"During our talks, we realized that Zagreb understands our rhetoric and remarks" about Kyiv's aspiration to use the military elements of Croatia's experience, Lavrov said, adding that for the Ukrainian issue "there is no plan B, only the Minsk agreement, which must be complied with to the last point."

For more, check out our dedicated politics section.

Monday, 10 January 2022

Foreign Ministry Sends Protest Note to BiH Over Memorial Plaque in Banja Luka

ZAGREB, 10 Jan 2022 - Croatia's ambassador to Bosnia and Herzegovina has presented a protest note to the BiH Foreign Ministry over a decision to unveil a plaque honoring JNA Major Milan Tepić in the Bosnian Serb entity capital, Banja Luka, who blew up an ammunition depot in Bjelovar, Croatia in a suicidal action in 1991.

When Croatian forces liberated the JNA barracks in Bjelovar on 29 September 1991, most JNA soldiers there surrendered, while Tepić refused. Instead, he destroyed the ammunition depot, killing himself, 11 Croatian defenders, and dozens of JNA conscripts as well as endangering local civilians.

Tepic, who was in charge of the ammunition depot in the village of Bedenik, had planned to blow up all four warehouses at that location but was prevented from doing so by four Croatian soldiers, whose intervention prevented an even bigger disaster.

Banja Luka Mayor Draško Stanivuković on Sunday unveiled a plaque commemorating Tepić, describing him as "the last Yugoslav national hero." The plaque was unveiled on the occasion of the day of the Serb entity of Republika Srpska, January 9, a holiday that was declared unconstitutional by the BiH Constitutional Court several years ago.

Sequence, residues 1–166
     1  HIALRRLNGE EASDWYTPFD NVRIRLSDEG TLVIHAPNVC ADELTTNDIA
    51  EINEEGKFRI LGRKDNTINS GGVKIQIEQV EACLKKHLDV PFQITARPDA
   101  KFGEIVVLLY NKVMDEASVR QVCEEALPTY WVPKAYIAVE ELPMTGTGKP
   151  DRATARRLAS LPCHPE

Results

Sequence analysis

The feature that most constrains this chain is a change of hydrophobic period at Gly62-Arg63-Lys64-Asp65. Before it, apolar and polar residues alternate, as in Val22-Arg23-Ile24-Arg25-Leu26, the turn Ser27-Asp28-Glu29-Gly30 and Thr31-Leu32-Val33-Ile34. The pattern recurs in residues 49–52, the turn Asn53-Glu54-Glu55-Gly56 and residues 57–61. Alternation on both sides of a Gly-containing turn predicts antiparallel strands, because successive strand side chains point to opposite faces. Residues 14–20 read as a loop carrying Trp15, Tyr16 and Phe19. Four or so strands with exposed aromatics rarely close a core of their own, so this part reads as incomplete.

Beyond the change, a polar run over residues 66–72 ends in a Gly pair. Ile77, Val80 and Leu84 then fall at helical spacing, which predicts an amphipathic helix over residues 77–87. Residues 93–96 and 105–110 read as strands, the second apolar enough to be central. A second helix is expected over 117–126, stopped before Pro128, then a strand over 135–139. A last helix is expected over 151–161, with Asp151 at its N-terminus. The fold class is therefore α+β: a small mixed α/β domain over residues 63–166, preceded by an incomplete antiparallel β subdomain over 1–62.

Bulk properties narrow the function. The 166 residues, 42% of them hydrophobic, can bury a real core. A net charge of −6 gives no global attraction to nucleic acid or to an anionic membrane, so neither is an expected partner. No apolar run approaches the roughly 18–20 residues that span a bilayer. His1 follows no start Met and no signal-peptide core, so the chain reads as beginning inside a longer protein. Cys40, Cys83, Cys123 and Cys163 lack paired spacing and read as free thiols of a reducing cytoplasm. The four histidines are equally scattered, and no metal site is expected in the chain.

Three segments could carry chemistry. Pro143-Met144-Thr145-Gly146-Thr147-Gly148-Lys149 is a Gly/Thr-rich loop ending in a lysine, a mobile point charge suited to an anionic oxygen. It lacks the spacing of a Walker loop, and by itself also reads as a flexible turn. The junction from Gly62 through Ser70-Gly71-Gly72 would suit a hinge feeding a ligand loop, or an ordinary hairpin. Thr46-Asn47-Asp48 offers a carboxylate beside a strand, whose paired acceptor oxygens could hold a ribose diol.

The Croatian Foreign Ministry on Monday deplored the decision by Banja Luka city authorities, saying that "it glorifies a terrorist act by a person who, during the Great Serbian aggression against Croatia, knowingly caused the death of a large number of Croatian defenders and civilians and huge material destruction in Bjelovar."

The ministry said the Banja Luka city authorities thus "identify themselves with the criminal Great Serbian policy" and jeopardize "the process of building mutual trust and good neighborly relations."

Streets in many Serbian towns have been named after Tepić and in September 2017 a monument was unveiled to him in Belgrade.

Serbia's former foreign minister and now Parliament Speaker, Ivica Dačić, said at the time that "as a JNA officer, Tepić, "who had pledged allegiance to the state and answered for the lives of the young men in his unit, personified honor and integrity."

The unveiling of the plaque in Banja Luka was also condemned by the Croatian War Veterans Ministry, which said that the city authorities have thus confirmed that they promote the Great Serbian ideology.

For more, check out our dedicated politics section.